- Exploring opportunities to strengthen the semiconductor and microelectronics workforce as well as joint research and innovation efforts.
- Generating a framework for a joint U.S.-India semiconductor roadmap in preparation for the Group of 20 (G-20) Summit in September, which will be held in New Delhi, India.
Sen. Young, who co-sponsored the U.S. CHIPS and Science Act of 2022, praised Purdue’s nation-leading efforts in advancing all areas of semiconductor education and R&D – from materials to chip design to advanced packaging, and more. He said, “It is not just about reshoring, but about the U.S. taking the lead, working with partners and allies like India. So, I am thrilled to see this group of people come together. Count me in as a strong supporter of this initiative.”
Hailing the U.S.-India relationship as one of the most defining relationships of this century, Minister Vaishnaw said, “Our cooperation in the area of semiconductors and critical and emerging technologies is vital. The recently signed Purdue-ISM MOU adds value to Purdue, the U.S., and India.”
Vaishnaw thanked the U.S. government and partners for their great cooperation and reinforced that the U.S.-India relationship will define the world order in the coming years.
The attendees discussed that a goal is to create a landmark international agreement similar to an accord signed on May 21 during the Group of Seven (G-7) summit in Hiroshima, Japan, that established the UPWARDS Network for workforce advancement and research and development in semiconductors. Purdue was one of 11 U.S. and Japanese universities to sign the agreement.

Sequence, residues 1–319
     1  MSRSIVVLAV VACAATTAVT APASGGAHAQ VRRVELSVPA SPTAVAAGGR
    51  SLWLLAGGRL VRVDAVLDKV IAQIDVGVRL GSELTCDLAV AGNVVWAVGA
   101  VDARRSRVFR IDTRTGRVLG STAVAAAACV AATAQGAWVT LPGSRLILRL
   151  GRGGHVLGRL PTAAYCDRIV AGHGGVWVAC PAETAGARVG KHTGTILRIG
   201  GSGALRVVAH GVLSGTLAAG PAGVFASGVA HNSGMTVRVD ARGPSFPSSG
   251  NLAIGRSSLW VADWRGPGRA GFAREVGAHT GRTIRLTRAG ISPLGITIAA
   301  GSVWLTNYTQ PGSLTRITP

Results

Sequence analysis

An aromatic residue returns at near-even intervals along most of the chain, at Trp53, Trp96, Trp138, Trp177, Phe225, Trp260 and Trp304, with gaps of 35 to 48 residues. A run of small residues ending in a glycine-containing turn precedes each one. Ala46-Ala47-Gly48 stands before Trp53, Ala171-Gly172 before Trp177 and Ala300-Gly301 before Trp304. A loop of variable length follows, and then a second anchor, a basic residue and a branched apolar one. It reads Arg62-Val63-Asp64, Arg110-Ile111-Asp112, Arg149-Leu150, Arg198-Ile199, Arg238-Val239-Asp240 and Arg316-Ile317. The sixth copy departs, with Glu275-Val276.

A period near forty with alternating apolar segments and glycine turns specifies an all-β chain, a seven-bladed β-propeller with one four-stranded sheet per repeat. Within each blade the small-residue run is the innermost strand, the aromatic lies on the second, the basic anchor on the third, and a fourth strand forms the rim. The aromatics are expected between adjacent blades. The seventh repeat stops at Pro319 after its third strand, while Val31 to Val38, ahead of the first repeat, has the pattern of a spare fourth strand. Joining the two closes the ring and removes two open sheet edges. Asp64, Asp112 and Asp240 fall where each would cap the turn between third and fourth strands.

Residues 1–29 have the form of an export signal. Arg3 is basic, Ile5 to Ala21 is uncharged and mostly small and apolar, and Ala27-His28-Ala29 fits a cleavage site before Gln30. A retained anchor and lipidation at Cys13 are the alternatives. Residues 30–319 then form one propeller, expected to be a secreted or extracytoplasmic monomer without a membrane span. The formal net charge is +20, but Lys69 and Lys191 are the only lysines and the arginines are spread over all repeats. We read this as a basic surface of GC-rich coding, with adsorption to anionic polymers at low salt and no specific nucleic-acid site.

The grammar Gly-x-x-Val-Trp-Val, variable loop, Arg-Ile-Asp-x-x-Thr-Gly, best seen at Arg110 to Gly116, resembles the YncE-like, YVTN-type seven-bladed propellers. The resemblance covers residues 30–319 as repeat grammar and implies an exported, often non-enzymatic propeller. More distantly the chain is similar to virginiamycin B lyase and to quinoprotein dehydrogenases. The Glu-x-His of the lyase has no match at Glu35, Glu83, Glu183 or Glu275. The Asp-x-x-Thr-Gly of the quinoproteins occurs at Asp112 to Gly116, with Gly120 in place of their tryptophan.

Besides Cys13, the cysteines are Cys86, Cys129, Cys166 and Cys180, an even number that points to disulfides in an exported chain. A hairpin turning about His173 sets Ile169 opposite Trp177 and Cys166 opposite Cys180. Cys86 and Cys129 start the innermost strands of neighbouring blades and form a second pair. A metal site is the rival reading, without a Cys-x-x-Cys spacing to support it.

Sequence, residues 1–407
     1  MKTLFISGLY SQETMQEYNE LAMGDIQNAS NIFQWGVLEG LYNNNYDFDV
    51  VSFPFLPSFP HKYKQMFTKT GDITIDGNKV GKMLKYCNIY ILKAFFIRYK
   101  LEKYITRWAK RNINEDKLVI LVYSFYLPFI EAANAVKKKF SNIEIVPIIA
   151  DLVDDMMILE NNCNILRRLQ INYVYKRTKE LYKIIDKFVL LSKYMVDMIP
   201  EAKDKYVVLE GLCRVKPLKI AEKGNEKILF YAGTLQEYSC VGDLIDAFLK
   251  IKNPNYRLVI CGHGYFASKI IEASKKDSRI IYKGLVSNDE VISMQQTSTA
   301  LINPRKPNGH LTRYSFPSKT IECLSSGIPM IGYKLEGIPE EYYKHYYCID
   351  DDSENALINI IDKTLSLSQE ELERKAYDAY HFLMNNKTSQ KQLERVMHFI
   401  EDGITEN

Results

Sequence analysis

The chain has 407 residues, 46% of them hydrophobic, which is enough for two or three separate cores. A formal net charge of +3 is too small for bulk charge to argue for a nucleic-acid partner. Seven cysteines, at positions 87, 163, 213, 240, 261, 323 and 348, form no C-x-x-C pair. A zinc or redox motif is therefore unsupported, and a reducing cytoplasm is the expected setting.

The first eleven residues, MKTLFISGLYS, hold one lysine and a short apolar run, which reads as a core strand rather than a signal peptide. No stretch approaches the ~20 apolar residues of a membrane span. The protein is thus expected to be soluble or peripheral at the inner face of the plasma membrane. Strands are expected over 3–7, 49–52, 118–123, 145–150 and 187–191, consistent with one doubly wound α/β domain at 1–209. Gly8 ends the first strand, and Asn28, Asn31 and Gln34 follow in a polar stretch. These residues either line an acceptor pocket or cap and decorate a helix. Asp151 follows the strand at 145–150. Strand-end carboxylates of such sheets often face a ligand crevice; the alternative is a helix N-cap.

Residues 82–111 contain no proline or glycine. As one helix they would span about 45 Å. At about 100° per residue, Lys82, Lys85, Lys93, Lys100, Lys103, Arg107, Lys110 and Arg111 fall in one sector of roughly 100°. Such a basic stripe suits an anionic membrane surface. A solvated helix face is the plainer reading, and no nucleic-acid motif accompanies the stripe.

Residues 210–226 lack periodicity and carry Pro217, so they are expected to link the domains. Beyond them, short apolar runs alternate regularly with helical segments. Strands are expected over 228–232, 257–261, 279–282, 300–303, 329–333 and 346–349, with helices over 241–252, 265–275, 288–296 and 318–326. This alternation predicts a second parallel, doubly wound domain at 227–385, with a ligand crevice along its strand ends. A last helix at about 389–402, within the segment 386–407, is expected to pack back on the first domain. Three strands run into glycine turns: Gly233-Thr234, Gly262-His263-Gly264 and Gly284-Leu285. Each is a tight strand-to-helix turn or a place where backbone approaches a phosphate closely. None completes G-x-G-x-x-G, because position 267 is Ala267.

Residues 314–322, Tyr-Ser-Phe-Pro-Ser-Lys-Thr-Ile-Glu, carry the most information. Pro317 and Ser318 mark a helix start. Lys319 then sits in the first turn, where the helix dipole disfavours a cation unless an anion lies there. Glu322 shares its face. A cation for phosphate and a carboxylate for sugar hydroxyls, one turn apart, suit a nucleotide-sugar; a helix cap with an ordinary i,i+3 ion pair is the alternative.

The leaders discussed the need for academic collaboration around key issues, including defense, national security and advancing technologies. While academic research is critical to the partnership, developing a resilient supply chain is a key priority.
On the first day of the three-day state visit, Pooja Chaudhary and Mahindra Rautela, two visiting scholars in Purdue’s Indian Overseas Visiting Doctoral Fellows program, were invited to Washington, D.C., to take part in a meeting with Prime Minister Modi, First Lady Jill Biden, U.S. Ambassador to India Eric Garcetti, India’s Minister of External Affairs Dr. S. Jaishankar, and director of the National Science Foundation Dr. Sethuraman Panchanathan. Chaudhary and Rautela are among 74 visiting fellows who, since 2020, have spent more than a year at Purdue doing research with faculty. The two fellows were among a selective group of 11 U.S. and Indian students invited to participate in a discussion on “Skilling for the Future,” which included showcasing U.S.-India collaboration in STEM.
“Education is a cornerstone of the bond between India and the United States – one we hope to keep building and strengthening with this visit,” said Biden in a statement released by the White House. “Our universities are partnering together, leading research, and creating apprenticeships and internships that span the ocean. And, as we’ve seen here, students from both our countries are learning and growing alongside each other – discovering the people they want to become and building a better world, together.”
Purdue has nearly 3,000 students from India, one of the highest enrollments of international students at a university in the U.S.